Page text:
Karolyn Grimes today


Essays: Thoughts & Stories from Karolyn


W as Seneca Falls the inspiration for Bedford Falls? Take a walk through town through the eyes of Zuzu!

Everything was so quiet and still as we stepped out of the car and stood in the lightly falling snow. Was I in a dream or was it real?

The street was decorated with lights and Christmas wreaths. The falling snowflakes made shining, little stars that surrounded the soft glow of the lights. There was a small buildup of snow on the street. It was so silent. Not a soul was around, and I could almost hear bells tinkling in a faraway place.

While I stood there, I watched the halo of air that came from my mouth and nose because of the cold. It was no accident that I let my eyes follow the halo's trail, and then I saw it - the bridge. It was lit with beautiful, white lights and provided a path over a canal to the other side of town.

Was I in Bedford Falls or was I in a New York town called Seneca Falls? I felt like I was in both!

I noticed a small hum of laughter and talking coming from a restaurant called Henry B's. Moe Koch had picked me up from the airport in Syracuse and had given me a lovely bouquet of roses. I carried my petals as she took me into the warmth of the eatery. It was very much like the feel of Martini's. There were many happy people, and the food, it turned out, was great. And my mind was spinning.

For many years, I have been told that Frank Capra visited his aunt in a town close to Seneca Falls, N.Y., and that the town of Seneca Falls was where he had his inspiration for the design of Bedford Falls of It's a Wonderful Life.

I traveled there last Dec. 6-8 to see and feel it for myself Was this true? Yes, many towns in upper New York state are mentioned in the film. There are references to Elmira (a half hour away), Syracuse and Rochester. But was that enough to think that this was the place?

After dinner, we drove down a street lined with Victorian homes that very much resembled the Granville house, and we stayed two nights in one of the homes. It was called the Barristers house because it had been owned and lived in by five generations of lawyers.

I walked in, and the banister was a bit rickety, which reminded me of the newel post of the Granville house. That night, we had a wonderful sleep in a room decorated in rose wallpaper and filled with beautiful roses given to me by the lovely folks in town.

The next morning, I awoke to find outside my window a foot of snow and a bright sun shining on the glistening whiteness everywhere. I felt comfy as I looked out the back window at a small lake behind the Victorian homes. The lake was iced and covered over with snow - a great place for boys to play with their sleds sliding down the small hills that lined the lake.

After a delightful breakfast, I was driven to the Bailey's Ice Cream Parlor on the town's main street. It was a treat to have a seat in the back of the building, with a fireplace that gave it the comfortable feel of a living room. I drank my espresso looking out at the canal that ran outside the windows. From my perch, I could see what had been described to me, that Seneca Falls is an industrial town much like Bedford Falls, with factories that once gave employment to the Italian immigrant population that had settled there.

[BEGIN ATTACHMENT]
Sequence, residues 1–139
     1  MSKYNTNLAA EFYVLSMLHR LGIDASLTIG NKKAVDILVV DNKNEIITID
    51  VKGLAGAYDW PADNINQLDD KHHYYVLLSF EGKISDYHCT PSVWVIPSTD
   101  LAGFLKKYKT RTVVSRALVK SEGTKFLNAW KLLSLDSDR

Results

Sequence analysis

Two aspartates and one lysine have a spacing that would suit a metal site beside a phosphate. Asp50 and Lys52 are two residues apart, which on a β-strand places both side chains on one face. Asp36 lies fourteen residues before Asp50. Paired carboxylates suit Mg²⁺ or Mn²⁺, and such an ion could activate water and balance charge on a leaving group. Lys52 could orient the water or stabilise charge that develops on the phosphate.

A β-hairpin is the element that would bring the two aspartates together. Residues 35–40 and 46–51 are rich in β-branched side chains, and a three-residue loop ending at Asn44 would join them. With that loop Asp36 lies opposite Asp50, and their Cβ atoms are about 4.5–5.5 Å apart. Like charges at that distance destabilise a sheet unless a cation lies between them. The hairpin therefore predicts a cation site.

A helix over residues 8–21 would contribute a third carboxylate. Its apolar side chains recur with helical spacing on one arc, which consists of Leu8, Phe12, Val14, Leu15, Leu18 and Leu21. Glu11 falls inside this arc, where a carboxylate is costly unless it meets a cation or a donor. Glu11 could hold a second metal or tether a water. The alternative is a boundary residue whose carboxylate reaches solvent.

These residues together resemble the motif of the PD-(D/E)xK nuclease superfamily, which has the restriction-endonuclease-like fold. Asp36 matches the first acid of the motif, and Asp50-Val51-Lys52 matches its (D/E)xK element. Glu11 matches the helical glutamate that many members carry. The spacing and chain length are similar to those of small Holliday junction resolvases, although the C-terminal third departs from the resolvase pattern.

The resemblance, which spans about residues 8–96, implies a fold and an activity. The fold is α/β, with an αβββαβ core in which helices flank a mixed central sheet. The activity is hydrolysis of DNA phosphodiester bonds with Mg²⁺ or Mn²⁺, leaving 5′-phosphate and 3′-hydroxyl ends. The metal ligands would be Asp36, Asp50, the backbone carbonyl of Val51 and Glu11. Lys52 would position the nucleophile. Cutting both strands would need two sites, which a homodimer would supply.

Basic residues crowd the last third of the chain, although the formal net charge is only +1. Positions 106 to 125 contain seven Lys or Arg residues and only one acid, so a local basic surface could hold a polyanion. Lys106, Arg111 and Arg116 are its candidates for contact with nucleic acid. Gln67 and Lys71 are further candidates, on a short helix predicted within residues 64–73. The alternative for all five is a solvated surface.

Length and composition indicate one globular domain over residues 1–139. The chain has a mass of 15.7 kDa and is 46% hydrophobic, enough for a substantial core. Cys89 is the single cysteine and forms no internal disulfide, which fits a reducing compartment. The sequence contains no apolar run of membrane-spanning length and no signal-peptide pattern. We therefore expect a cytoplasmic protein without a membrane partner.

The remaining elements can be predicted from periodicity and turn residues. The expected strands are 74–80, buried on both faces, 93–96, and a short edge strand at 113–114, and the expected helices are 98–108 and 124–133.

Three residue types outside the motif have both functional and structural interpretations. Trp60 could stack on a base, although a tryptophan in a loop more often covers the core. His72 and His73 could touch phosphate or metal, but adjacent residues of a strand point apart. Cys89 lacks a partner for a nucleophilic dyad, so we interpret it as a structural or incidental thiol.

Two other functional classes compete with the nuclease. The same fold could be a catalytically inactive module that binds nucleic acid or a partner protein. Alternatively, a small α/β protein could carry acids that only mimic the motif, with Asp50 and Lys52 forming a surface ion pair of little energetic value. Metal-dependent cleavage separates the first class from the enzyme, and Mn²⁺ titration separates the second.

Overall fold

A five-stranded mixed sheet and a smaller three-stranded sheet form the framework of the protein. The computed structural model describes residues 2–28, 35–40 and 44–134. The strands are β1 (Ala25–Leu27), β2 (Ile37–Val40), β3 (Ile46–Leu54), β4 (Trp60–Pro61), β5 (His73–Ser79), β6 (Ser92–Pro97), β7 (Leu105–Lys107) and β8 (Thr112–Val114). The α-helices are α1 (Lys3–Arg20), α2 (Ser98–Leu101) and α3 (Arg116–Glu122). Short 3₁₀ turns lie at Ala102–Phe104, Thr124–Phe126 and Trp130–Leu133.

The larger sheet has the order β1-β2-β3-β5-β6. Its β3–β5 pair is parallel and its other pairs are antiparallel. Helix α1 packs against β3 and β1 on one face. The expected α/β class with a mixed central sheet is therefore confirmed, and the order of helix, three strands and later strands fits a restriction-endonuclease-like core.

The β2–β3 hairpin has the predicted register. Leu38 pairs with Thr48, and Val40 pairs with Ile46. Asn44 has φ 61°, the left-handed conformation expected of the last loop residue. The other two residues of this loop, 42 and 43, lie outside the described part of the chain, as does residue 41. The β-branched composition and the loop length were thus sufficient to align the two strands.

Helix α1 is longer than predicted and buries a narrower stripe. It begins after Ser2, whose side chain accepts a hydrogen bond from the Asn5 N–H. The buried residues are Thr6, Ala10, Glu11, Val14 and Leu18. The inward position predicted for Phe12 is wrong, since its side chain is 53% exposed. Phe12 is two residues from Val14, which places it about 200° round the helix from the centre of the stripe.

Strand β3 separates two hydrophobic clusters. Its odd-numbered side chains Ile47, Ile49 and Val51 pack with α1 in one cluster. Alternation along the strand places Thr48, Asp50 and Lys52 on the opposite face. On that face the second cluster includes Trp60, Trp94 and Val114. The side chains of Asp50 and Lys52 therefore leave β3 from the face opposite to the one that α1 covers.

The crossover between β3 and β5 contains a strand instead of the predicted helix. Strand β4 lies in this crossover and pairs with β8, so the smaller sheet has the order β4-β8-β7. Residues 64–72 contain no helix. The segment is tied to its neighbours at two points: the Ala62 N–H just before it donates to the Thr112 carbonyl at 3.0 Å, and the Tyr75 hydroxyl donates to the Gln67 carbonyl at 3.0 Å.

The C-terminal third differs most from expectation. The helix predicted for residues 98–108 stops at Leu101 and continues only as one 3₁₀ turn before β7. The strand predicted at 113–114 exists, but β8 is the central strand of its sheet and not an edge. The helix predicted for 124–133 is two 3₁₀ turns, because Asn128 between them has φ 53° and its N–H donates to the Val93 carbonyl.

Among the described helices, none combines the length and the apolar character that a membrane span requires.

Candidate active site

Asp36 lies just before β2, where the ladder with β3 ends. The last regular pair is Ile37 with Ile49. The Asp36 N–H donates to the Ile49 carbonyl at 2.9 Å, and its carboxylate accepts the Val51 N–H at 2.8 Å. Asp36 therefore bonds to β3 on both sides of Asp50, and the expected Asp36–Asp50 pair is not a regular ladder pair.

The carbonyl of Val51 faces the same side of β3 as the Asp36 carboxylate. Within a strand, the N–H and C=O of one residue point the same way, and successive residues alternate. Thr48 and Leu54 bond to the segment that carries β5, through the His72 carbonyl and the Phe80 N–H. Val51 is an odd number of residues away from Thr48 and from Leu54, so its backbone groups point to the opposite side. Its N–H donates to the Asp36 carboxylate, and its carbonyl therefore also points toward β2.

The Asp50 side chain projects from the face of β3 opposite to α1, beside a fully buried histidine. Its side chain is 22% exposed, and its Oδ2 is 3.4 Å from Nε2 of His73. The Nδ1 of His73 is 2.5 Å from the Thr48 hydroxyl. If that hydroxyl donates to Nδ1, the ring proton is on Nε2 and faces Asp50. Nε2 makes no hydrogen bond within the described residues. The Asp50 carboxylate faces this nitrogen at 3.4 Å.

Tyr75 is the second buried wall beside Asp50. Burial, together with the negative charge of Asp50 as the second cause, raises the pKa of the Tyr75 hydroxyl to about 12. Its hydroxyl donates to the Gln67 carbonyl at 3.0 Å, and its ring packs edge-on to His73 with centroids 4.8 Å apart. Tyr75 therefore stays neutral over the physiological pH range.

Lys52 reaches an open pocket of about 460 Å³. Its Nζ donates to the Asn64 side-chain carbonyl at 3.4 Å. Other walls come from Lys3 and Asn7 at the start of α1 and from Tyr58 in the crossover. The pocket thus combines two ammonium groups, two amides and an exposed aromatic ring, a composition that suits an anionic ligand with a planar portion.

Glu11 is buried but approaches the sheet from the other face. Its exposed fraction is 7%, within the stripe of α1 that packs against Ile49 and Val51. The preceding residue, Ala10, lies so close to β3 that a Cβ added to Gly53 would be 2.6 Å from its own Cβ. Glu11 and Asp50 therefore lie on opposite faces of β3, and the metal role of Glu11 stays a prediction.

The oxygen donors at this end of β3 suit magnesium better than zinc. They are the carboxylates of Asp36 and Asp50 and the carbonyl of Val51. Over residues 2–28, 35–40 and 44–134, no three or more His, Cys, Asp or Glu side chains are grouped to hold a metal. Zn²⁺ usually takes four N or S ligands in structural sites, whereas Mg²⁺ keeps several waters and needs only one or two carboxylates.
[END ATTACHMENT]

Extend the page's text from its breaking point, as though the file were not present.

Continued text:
The feel of Seneca Falls was really sinking in. And then, in the daytime, I saw it again - the bridge. It is nearly a replica of the same bridge that George had grown up with all his life. On the Seneca Falls bridge is affixed a plaque that mentions the special connection of Seneca Falls to Frank Capra and It's a Wonderful Life. The real history of the bridge harbors another connection. In 1917, a local resident, Antonio Varacalli, actually leaped into the river in an attempt to save a woman who had fallen into the icy water. His life was lost, but thanks to him, she survived.

Later, I saw the town's old railroad station, and I could picture George and Uncle Billy waiting for the train to come in.

What more evidence did I need?

The folks of Seneca Falls have listened repeatedly to Tommy Bellissima's account of having cut Mr. Capra's hair a number of times. Tommy's barbershop was located near the bridge.

Seneca Falls has a historical society and a tourist association. The historical society is housed in one of the old, Victorian buildings and offers a look at a much simpler time. And one of the historical society's most fervent members is Fran Caracaccilo, who is the best-informed man about It's a Wonderful Life trivia I have ever encountered. It was hard for me to find a question about the film that he could not answer.

The two organizations help keep the spirit of the film alive with the residents, and it has become a source of civic pride. Black lampposts are adorned with unofficial signs bearing the names of Bedford Falls Boulevard, George Bailey Lane, Clarence Street and Angel Avenue.

Even though I had never visited before, the people in Seneca Falls as well as in the surrounding towns made me feel like this was a homecoming. I felt it the first day when I stepped out of the car. In a sense, I was "home." Not only did it feel like 320 Sycamore Street and Main Street, but also the people embraced me with a sincere welcome. I was surrounded with lots of love, not unlike the warmth of the film's Bedford Falls.

I intend to return, and I recommend that you, too, make a point to see this wonderful town in person. Was it Mr. Capra's inspiration? Come to Seneca Falls, and let your senses decide!

For more information, contact:
Seneca County Tourism
phone 315-539-1759 or

In The News
Angel Corner

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